Matt: And that’s something that came up a lot in my interviews, like, don’t forget the role of the chemist in all of this. Melodie said that some of the biggest successes have come from a combination of the humans and machines working together. Like, you use the robots to handle the easy stuff, say dispensing Lewis acid. But then you want to try this really specialized procedure and there’s no robotic workflow for it. There’s still an opportunity for a crafty chemist to step in and set it up by hand in a high-throughput experiment using pipettes.

Melodie Christensen: And I think this really has enabled us to be able to carry out more complex and complicated procedures. And it’s really led to successes.

Sam: And then, right, the thinking is that one day, maybe robots will be able to do that thing that was complex and complicated today, getting us to a new level of creativity in the future.

Matt: Yes. And that actually leads us to another reason why chemists think HTE is having a moment now. Because we’re starting to live in that future. Let me explain. And to do that, let’s put robots off to the side for a second.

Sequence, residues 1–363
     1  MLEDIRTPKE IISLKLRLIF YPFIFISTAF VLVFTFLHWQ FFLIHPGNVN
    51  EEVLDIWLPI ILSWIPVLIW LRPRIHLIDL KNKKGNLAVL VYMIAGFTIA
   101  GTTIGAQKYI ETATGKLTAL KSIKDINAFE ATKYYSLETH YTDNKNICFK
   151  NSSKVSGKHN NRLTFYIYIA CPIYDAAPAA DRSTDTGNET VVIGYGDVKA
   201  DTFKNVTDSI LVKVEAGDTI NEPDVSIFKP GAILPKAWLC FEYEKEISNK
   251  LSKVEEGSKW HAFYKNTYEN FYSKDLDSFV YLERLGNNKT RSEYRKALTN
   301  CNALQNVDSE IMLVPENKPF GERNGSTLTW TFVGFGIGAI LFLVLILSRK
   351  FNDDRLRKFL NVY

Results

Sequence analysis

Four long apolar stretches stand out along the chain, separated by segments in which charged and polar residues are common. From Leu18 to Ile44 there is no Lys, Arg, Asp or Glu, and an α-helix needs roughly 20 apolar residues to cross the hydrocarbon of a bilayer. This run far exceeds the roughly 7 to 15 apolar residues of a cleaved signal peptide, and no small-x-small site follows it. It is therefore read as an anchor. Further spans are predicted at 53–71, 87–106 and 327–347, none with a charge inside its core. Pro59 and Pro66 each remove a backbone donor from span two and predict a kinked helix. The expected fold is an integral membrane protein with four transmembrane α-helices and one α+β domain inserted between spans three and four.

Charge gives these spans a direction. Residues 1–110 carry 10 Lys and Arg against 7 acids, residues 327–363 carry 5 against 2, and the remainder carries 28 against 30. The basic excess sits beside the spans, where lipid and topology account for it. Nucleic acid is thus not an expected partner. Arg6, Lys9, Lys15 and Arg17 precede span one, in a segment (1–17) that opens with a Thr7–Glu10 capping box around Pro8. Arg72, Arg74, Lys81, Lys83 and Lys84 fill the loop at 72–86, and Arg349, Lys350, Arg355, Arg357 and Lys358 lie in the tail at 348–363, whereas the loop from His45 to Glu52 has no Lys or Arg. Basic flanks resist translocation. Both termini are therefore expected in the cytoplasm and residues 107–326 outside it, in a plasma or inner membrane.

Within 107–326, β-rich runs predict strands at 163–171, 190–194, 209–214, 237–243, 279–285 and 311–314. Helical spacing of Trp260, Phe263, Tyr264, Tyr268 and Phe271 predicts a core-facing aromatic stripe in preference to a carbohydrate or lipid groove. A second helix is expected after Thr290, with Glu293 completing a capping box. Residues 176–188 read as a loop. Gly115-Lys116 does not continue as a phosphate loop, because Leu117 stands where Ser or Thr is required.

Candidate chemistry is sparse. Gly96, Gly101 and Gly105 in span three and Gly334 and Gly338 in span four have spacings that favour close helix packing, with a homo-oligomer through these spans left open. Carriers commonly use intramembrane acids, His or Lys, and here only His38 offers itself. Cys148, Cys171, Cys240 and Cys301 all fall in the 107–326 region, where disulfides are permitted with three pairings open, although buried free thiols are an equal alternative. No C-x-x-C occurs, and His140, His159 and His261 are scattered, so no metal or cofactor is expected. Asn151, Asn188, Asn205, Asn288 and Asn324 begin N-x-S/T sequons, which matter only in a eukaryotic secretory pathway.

Sam: Do I have to?

Matt: Just for a second. So even without robots, synthetic organic chemists are going to take on more challenging and complicated problems with more challenging and complicated chemistries, right?

Sam: Absolutely.

Matt: And those chemists aren’t necessarily thinking “How do I optimize this for a 96-well plate?”

Sam: Right. They just want to get it to work.

Matt: Right. Now, even though the chemists developing these new methods may not be thinking about HTE, there are chemists in the HTE space who are thinking about these new methods. So, one, this means we can start thinking about robots again.

Sam: It’s about time.